A Day in the Life of Working Stay at Home Mum
Birds singing - check.
Children clamouring for attention - check.
Brain already whirring with ideas - check.
And so begins my day. One of the most wonderful parts of being a freelance writer and working from home is that I get to live out my dream of bringing up my two sons during their formative years, fitting in work around their increasingly exciting social lives. One of the most frustrating parts is that I occasionally feel as though I’m not doing justice to either the writing ‘stuff’ or the parenting ‘stuff’. Unless you are very good at compartmentalising your mind, thoughts can spill over from one part to another and distract you from the task at hand.
Therefore, one of my top tips for people looking to develop a career as a freelance writer would be to have with you - at all times - a notebook / smartphone / whatever works for you. That way, you can jot down the magnificent idea that has occurred to you with not-so-magnificent timing and return to it later. I find that using beautiful stationery for this purpose also helps, although that’s purely a personal preference!
My current favourite pen, with the ideas notebook that gets carried everywhere
I don’t often have time during the day to actually sit down and write, but I do get a chance to send emails and make calls as part of the research process. Trying to get little administrative jobs completed during the day means that I can use my evenings much more productively to actually undertake the writing.
I feel very lucky to be able to get out and chat to people every day with the boys and I often find myself having an interesting conversation that will then feed into my writing. Going out with the children has made me much more comfortable with talking to people I don’t know and I’ve been surprised at how this has positively impacted upon the ideas I now generate. So I suppose another tip for aspiring writers would be to get out and about and chat to people and take on as many new experiences as you can - who knows where they might lead...?
Out and about with the boys
Once the boys are in bed and I’ve had some dinner and a quick chat with my husband (looking after small children all day necessitates a wind-down period and some grown-up conversation before I can get into writing mode!), I settle down at the laptop. For me, using a laptop as opposed to a desktop has made a huge difference, as I don’t feel physically constrained by sitting in one fixed area of the house. We don’t have a study or office, so I just move to the most comfortable spot I can find and make a nest for myself. If I’m in for a particularly long evening, I find that eating lighter food can help, so that the soporific feeling of extreme fullness doesn’t take over.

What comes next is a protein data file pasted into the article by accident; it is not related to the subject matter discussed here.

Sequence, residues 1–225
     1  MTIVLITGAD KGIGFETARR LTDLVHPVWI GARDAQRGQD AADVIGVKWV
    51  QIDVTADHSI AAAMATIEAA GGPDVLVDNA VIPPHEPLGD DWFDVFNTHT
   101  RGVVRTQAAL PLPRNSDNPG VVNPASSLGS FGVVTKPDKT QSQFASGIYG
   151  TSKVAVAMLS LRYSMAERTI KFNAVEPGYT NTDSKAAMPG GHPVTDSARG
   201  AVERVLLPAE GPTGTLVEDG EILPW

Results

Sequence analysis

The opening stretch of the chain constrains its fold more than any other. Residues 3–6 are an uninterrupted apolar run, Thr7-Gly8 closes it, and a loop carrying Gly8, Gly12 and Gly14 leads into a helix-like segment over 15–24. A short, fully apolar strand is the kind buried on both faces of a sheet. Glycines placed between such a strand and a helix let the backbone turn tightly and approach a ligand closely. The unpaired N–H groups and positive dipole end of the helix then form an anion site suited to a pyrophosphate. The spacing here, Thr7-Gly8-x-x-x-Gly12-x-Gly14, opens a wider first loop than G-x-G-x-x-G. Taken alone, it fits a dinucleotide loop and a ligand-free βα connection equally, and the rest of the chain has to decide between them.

I am definitely someone who responds well to lists, so the first thing I do is to break my evening’s work down into smaller tasks that I can tick off as they get finished. I have to stop myself from spending too long creating these lists (although quite frankly, I think the happiness I get from colour-coding them, annotating them with illustrations, sticky notes, etc. has a really positive effect on my work...) and once I’ve got some achievable goals mapped out, off I go.
A definite benefit of working from home is that you can fine-tune all the elements of your working environment to your own personal tastes, which might be different every day. I don’t usually work with music on, but can always change this according to my mood. I love networking on Twitter and find it an invaluable forum for those of us who work from home, but I rarely have my Twitter feed visible whilst I’m working, as the distraction proves too great. However, I know there will be some writers who are far more capable of managing these distractions (they’re probably those people who are really good at compartmentalising as well - I am in awe of them) and they might relish the chance to feel more connected to others as they work.
My ‘no distractions’ work station
I tend to try and focus each evening’s work on the same activity so that, for example, I might devote a few nights to writing two or three articles and then one night to editing them all. Having some time after the writing means that I come to the editing with a fresh mind and also means that I can get into the editorial groove with gusto.
Once the articles are complete, they are emailed off and will hopefully be met with approval. I then trot upstairs, check in on the boys again, then head off to bed with my notebook and (aesthetically pleasing) pen in hand, just in case inspiration should strike in the early hours...